Abou Faycal, C.; Brambilla, E.; Agorreta Arrazubi, Jackeline
; Lepeltier, N.; Jacquet, T. ; Lemaitre, N.; Emadali, A.; Lucas, A. ; Lacal, P. M.; Montuenga Badía, Luis
; Pio Osés, Rubén
; Gazzeri, S. ; Eymin, B. (Autor de correspondencia)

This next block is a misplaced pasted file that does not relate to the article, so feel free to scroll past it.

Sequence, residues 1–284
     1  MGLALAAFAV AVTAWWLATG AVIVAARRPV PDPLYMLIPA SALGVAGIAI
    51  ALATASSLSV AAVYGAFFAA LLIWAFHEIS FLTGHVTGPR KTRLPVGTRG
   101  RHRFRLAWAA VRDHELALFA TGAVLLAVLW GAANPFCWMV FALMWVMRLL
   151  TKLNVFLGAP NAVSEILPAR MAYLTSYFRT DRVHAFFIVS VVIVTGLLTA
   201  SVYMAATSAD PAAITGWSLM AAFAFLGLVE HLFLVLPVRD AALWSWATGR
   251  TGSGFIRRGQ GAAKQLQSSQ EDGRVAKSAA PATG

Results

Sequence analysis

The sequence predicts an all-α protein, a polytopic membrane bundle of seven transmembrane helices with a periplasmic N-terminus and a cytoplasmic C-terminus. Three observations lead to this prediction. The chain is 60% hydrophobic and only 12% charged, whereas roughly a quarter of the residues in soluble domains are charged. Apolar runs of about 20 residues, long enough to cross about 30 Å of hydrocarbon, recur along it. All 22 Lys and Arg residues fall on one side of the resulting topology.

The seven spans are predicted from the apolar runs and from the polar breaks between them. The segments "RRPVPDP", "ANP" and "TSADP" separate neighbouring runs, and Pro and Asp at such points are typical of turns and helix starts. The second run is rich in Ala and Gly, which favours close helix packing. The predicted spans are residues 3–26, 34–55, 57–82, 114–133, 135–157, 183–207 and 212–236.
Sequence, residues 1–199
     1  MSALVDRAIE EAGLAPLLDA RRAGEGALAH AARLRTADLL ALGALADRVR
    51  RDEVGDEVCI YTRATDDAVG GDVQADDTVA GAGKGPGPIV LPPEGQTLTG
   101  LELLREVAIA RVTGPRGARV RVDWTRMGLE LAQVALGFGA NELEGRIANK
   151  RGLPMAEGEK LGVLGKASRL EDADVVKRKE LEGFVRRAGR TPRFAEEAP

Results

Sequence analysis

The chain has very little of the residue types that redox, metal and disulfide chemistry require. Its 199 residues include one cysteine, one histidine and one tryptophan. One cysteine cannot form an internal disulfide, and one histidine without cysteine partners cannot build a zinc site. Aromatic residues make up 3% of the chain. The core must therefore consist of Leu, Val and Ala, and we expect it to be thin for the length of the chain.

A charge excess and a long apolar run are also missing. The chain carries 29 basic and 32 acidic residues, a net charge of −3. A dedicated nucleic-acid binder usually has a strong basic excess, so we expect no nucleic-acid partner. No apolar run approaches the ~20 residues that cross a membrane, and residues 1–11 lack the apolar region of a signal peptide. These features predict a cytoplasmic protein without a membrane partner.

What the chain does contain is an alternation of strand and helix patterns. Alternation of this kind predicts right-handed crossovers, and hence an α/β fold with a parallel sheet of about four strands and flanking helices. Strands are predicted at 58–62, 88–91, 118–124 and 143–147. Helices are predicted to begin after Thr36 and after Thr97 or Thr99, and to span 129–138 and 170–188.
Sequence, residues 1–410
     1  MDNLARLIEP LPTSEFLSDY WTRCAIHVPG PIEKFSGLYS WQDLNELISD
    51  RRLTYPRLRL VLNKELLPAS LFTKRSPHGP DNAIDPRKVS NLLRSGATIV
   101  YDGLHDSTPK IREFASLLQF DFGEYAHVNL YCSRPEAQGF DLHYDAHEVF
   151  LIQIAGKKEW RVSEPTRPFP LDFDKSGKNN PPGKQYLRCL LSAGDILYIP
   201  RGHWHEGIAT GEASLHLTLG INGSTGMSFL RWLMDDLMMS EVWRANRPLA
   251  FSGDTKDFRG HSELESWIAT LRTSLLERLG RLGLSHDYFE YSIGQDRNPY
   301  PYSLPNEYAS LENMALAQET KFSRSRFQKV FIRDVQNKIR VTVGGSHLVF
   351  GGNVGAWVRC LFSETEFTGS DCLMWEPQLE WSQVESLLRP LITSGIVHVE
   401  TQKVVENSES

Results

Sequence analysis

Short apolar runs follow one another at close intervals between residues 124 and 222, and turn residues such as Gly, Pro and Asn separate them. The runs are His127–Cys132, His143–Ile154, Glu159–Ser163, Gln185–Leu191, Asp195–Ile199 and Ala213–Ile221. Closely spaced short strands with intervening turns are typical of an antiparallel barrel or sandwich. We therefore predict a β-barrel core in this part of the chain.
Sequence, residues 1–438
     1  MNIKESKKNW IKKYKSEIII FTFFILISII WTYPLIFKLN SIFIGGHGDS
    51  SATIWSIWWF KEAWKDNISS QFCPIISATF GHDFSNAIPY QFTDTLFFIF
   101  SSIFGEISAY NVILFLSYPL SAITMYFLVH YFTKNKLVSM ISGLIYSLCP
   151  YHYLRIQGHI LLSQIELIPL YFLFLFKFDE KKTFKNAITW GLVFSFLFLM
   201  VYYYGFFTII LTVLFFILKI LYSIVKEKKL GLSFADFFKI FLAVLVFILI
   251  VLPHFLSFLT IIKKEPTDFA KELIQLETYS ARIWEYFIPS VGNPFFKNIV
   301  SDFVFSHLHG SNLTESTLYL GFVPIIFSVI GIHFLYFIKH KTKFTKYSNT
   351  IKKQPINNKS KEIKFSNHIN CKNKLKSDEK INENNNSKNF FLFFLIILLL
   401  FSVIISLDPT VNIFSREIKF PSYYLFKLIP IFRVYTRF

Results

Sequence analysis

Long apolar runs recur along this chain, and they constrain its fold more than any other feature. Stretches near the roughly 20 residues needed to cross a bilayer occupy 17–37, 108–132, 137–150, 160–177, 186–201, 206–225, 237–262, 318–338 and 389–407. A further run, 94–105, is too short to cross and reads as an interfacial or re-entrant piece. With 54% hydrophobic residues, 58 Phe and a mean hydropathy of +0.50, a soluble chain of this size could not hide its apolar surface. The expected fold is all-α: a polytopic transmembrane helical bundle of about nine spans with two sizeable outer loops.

BACKGROUND: While lung adenocarcinoma patients can somewhat benefit from anti-angiogenic therapies, patients with squamous cell lung carcinoma (SQLC) cannot. The reasons for this discrepancy remain largely unknown. Soluble VEGF receptor-1, namely sVEGFR1-i13, is a truncated splice variant of the cell membrane-spanning VEGFR1 that has no transmembrane or tyrosine kinase domain. sVEGFR1-i13 is mainly viewed as an anti-angiogenic factor which counteracts VEGF-A/VEGFR signalling in endothelial cells. However, its role in tumour cells is poorly known. METHODS: mRNA and protein status were analysed by Real-Time qPCR, western blotting, ELISA assay, proximity ligation assay or immunohistochemistry in human tumour cell lines, murine tumourgrafts and non small cell lung carcinoma patients samples. RESULTS: We show that anti-angiogenic therapies specifically increase the levels of sVEGFR1-i13 in SQLC cell lines and chemically induced SQLC murine tumourgrafts. At the molecular level, we characterise a sVEGFR1-i13/beta 1 integrin/VEGFR autocrine loop which determines whether SQLC cells proliferate or go into apoptosis, in response to anti-angiogenic therapies. Furthermore, we show that high levels of both sVEGFR1-i13 and beta 1 integrin mRNAs and proteins are associated with advanced stages in SQLC patients and with a poor clinical outcome in patients with early stage SQLC. CONCLUSIONS: Overall, these results reveal an unexpected pro-tumoural function of sVEGFR1-i13 in SQLC tumour cells, which contributes to their progression and escape from anti-angiogenic therapies. These data might help to understand why some SQLC patients do not respond to anti-angiogenic therapies.